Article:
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Environmental racism bill closer to becoming law

Last month, Bill C-226, An Act respecting the development of a national strategy to assess, prevent and address environmental racism and to advance environmental justice, passed second reading in the House of Commons.

This private member’s bill, sponsored by member of Parliament (MP) and former Green Party of Canada leader Elizabeth May, would require the government to develop a national strategy to collect information on environmental hazards in Indigenous and racialized communities, which could also eventually help change existing federal laws, policies and programs.

“I am very happy that Bill C-226 is getting the kind of support it is getting. I am hoping it will become law. I am certainly hoping that it gets from the House (of Commons) and into the Senate (of Canada) very quickly this fall,” said May.

The legislation received support from all of the major parties except for the Conservatives and the Bloc Quebecois before being referred to the Standing Committee on Environmental and Sustainable Development.

A few days prior to the June 22 vote, a press release was sent out by May, MPs from supporting parties, and over 100 environmental and social justice groups from around Canada, denouncing the years of government inaction regarding the G&R Recycling dump site in Kanesatake.

The release called the dump “part of a broader pattern of environmental racism” and demanded a long-term solution to the dumping problem in the community beyond the immediate cleanup of the main site.

The Mohawk Council of Kanesatake has not released any information or update regarding the cleanup since a December 2021 G&R report meeting.

“Canadian civil society and an increasing number of federal politicians stand in solidarity with the people of Kanesatake,” said Louis Ramirez, the campaign coordinator for the allied group that is spearheading the initiative.

“And the only reason that they are doing that is because of the immense bravery that some community members have shown in sticking their necks out and working in the shadows.”

NDP MP Alexandre Boulerice, who was also part of the release, said that he was asked by citizens of Kanesatake to get involved in the matter because the government had abdicated its responsibility to protect the environment and health of the community.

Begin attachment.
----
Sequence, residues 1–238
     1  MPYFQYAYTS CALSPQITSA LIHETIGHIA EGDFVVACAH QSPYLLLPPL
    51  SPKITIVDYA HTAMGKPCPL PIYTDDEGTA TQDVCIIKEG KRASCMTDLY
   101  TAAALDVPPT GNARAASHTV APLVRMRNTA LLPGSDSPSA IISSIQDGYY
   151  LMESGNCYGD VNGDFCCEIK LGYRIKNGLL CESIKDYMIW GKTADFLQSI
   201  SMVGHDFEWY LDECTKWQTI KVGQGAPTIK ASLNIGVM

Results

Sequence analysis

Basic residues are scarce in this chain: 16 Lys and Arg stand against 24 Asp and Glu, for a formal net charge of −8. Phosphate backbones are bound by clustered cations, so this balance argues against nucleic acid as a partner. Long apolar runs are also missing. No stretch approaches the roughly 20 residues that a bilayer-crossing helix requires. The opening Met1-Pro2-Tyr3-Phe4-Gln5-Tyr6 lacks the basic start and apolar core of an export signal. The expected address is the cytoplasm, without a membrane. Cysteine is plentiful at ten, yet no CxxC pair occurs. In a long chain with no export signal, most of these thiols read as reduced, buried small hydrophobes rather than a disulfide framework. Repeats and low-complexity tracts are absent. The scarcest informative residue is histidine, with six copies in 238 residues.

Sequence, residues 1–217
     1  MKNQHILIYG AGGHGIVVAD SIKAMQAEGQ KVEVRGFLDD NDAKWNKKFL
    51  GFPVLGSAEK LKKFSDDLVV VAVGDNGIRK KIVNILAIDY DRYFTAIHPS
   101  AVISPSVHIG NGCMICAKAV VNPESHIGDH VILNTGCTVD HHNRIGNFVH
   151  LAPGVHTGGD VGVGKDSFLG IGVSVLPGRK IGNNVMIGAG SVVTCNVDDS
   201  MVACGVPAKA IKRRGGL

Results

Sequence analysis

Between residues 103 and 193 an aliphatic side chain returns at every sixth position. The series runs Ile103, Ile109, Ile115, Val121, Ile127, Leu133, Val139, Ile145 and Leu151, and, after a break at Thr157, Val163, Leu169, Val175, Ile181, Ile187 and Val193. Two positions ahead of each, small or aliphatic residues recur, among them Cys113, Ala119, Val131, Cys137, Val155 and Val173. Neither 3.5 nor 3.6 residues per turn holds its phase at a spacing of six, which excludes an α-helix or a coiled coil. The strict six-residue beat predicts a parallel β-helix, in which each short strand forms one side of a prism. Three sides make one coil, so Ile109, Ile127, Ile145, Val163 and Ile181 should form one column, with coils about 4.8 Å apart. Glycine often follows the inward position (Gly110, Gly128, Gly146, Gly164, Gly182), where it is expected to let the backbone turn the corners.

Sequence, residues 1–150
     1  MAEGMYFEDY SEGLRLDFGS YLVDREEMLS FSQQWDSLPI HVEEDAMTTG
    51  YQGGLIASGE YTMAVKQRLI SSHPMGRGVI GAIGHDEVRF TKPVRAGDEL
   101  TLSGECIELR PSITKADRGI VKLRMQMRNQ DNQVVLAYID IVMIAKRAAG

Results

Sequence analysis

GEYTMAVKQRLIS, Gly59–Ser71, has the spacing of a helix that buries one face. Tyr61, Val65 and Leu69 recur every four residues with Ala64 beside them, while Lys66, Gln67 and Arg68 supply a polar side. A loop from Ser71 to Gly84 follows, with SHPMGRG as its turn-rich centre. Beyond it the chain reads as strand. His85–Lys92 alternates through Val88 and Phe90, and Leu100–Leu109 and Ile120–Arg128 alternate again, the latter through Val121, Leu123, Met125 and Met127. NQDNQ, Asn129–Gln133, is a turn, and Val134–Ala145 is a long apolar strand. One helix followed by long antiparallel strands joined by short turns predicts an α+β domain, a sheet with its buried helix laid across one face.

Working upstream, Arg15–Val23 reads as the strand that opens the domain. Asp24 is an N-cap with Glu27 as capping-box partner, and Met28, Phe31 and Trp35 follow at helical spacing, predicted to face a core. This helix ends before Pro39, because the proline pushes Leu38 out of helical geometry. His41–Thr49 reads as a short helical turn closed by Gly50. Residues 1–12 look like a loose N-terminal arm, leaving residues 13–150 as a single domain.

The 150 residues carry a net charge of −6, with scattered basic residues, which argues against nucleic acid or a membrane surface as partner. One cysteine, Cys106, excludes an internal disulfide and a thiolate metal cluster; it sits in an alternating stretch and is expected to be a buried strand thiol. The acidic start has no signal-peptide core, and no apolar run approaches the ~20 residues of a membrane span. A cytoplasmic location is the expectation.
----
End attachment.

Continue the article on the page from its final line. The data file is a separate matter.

“It is a health issue, and it’s also a public safety issue. And it’s like Marc Miller (minister of Crown-Indigenous Relations) is not wanting to do anything, or Steven Guilbeault (minister of Environment and Climate Change ),” he said.

“It is not possible in 2022 that the community is a victim of illegal waste dumps with BCPs (polychlorinated biphenyls), hydrogen sulphide and other toxic products that can really hurt the health of citizens, families and children. For me, it’s really inconceivable.”

In March, Boulerice sent a letter to Guilbeault asking the federal government to fulfill its responsibility to the people of Kanesatake. Boulerice’s office received a reply from Guilbeault in June stating that Environment and Climate Change Canada had a limited role in the restoration of Kanesatake’s contaminated site.

Consequently, he said he decided to join May and the allied civil-society organizations because he believes this is a human rights issue and part of what reconciliation actually stands for.

In terms of Bill-226, the MP said that the NDP is pleased to support the legislation because of the great concern it holds for First Nations and racialized communities across Canada.

“We will see the amendments. We will see how the bill will be implemented in the future. We were happy to see it pass second reading, but I have to say that I was quite disappointed to see the Bloc Quebecois vote against it and especially Jean-Denis Garon, who is the local MP and is supposed to act on this file,” he said.

During the second reading, Bloc MP Monique Pauzé said that the party could not support the bill because of its threat to Quebec sovereignty.

“I don’t buy it because I don’t want to sacrifice the health and safety of real people in real life over a jurisdiction debate about who is responsible for what,” said Boulerice.

“I don’t want to sacrifice the health of people from Kanesatake because there is a fight between Quebec and Ottawa about some jurisdiction. First Nations never asked for those divisions of jurisdiction, so it is really not their problem.”

Conservative MP Kyle Seeback argued that conservative opposition to the bill was due to the already complicated regulatory environment in Canada when it comes to developing resource projects. May acknowledged that the private member’s bill had quite a few hurdles to overcome before becoming law but remains hopeful.

“We will have a hearing before this committee on the environment unless there is an opportunity for unanimous consent and moving it faster – those things happen on the fly, really,” said May.

“If we have to go the normal route, we will go to committee, and I will present first why we need this legislation and what it is intended to do.”

She explained that this bill would be a proactive environmental justice program that would create tools for First Nations, racialized and impoverished communities that have basically been polluted against their will.


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